My Calendar

Events in July 2024

  • Dominic Woodfield - Gavray Meadows Local Wildlife Site

    Category: ANHSO Talk Dominic Woodfield - Gavray Meadows Local Wildlife Site

    Tue, Jul 2nd 2024

    Gavray Meadows present themselves as an interesting study in the effects of neglect and the challenges of future recovery of species-rich mesotrophic grasslands. In the 1990s, the site's ridge and furrow fields contained fine examples of MG4 meadow with great burnet, pepper saxifrage and sneezewort and MG5 unimproved species-rich pasture, replete with betony, devil's bit scabious and spring sedge, as well as field ponds and ancient species-rich hedgerows with midland hawthorn, buckthorn, elm and other woody species. The site was then bisected by the A421 making the land prime real estate for developers. Neglect has seen large parts of the site scrub up, with others parts damaged by the Chiltern Evergreen rail project. However, the site now has a more hopeful future than at any point for perhaps 35 years as Dominic will explain on the visit. We can expect to see an array of unimproved and semi-improved grassland species, diverse hedgerows and accompanying wildlife including a diversity of birds, a very diverse butterfly assemblage (we will be in the flight period of the site's black hairstreaks), other insects and, as we near the end of the walk, bats.
    Gavray Meadows is to the north of Gavray Drive, Bicester (SP597220) (take the roundabout off of the A4421). There are three lay-bys/bell mouths along Gavray Drive that can accommodate four cars each. We will meet at 7pm at the middle bay. It is also accessable by foot from Bicester town centre.

    Dominic Woodfield is the director of the independent ecological consultancy Bioscan. He specialises in terrestrial ecosystems with particular strengths in ornithology, botany and protected species, and is regularly called upon as an expert witness in planning inquiries. He has been at the forefront of the campaign to save Gavray Meadows since stumbling across the site in 1998, a 25 year battle which has taken him to the High Court, Court of Appeal and two planning inquiries. He is now working with the site owners, prospective developers and the local community to secure, once and for all, the site's future as a nature reserve.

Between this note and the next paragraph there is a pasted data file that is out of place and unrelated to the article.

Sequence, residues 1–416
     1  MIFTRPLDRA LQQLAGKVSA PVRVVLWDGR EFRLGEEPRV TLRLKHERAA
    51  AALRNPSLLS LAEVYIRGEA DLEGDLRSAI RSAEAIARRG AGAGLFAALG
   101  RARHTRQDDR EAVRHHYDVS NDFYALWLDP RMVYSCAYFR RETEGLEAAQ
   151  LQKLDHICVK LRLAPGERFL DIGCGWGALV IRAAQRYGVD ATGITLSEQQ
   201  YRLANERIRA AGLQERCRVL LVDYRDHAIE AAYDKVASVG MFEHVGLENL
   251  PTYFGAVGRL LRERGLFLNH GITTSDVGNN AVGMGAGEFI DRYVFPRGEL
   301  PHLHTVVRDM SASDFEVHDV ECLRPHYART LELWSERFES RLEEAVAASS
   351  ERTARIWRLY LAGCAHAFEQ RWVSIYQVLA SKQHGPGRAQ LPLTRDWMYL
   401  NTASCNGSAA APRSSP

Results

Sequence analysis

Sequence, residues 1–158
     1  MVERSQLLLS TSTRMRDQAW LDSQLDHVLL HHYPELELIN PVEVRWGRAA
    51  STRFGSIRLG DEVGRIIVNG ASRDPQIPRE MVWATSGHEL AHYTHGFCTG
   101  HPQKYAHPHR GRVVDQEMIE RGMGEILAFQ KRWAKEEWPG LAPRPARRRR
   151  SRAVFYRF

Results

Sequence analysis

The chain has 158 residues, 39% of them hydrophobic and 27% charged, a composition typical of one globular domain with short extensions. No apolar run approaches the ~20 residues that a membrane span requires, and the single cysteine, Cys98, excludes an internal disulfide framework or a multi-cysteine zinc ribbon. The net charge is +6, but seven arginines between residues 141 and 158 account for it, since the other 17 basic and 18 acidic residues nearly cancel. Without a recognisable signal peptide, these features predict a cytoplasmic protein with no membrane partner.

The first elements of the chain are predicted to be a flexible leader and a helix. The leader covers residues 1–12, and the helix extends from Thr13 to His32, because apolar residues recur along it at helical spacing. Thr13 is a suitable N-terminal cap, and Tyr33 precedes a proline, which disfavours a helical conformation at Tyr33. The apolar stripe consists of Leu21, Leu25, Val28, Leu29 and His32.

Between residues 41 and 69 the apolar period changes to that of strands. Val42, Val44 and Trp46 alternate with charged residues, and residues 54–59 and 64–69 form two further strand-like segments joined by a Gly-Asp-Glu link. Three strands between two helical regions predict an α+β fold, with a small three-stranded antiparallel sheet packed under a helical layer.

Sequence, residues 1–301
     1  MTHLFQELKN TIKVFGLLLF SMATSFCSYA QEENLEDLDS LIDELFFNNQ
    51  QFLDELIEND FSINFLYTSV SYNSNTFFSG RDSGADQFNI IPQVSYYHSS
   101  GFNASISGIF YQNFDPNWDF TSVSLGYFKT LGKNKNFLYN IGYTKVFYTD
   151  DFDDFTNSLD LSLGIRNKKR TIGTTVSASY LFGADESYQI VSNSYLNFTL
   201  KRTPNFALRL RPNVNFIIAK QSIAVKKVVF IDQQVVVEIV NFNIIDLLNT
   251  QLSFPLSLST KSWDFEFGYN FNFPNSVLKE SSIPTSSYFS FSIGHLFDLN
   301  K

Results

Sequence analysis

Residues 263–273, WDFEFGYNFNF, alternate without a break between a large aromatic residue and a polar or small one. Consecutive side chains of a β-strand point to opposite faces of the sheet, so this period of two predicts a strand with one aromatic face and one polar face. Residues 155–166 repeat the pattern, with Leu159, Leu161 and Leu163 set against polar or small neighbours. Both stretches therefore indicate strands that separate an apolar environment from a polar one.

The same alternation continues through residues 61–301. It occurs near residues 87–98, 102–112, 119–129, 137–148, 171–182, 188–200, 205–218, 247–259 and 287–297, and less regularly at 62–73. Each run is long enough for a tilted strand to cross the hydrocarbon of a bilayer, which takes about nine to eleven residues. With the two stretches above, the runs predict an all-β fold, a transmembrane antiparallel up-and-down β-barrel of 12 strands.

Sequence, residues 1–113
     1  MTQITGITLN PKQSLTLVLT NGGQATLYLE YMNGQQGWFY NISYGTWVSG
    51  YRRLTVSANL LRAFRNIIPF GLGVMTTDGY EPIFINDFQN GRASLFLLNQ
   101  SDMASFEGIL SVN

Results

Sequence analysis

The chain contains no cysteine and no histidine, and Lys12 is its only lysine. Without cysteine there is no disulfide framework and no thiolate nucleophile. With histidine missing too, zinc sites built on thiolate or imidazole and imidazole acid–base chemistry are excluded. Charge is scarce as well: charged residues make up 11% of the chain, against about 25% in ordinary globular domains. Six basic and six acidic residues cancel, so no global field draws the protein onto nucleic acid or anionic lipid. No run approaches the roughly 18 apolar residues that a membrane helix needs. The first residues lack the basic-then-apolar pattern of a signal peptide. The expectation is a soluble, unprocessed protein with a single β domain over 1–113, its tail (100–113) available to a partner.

Free to ANHSO members

  • Geoff Jones - A visit to one family's creation of a range of flower-rich meadows from farmland

    Category: ANHSO Field Geoff Jones - A visit to one family's creation of a range of flower-rich meadows from farmland

    Sun, Jul 7th 2024

    The family work on meadows started in the 1980s with a small parcel of agricultural marginal land. This area includes the only and very small example of wet meadow. For many years this was managed by hand or garden-style machinery but later this area of meadow was extended into drier soils but is still managed by hand though recently with the help of smallholder machinery. Geoff started this as a genuinely garden-scale project, so is well aware and empathetic of the issues at this scale including meadow creation without livestock grazing. This early parcel of meadow is also the source of arisings that are used to create a peat-like compost that is used in the garden.

    In 2020 several more parcels of land came into meadow management and these were all arable reversion plots and much of this is within an HLS agreement. Haymaking in these areas is under contract. Other small areas of once-managed farmland, now 'garden' have also been part of meadow management but have been variously successful.
    The ground has quite a lot of Jurassic clay (Lower Lias) underlying the soil, sometimes quite close to the surface and the soil pH ranges from slightly acid to neutral.

    In this visit you can see the impact of simple management regimes that promote flower-rich meadows without the use of livestock. You will see that sometimes they do and sometimes they don't create meadows that are hoped for or expected.
    Poplars Farm has a range of classic 17th c. farm buildings and farmhouse in local stone and has been described as a fine example for the period. Building work may be taking place in one area of garden on two barns being converted to a house.
    Total walking distance is around 1 mile on grassy garden paths and field margin walkers' paths to include the most distant parcel of meadow. If it has been raining, the grass can be slippery.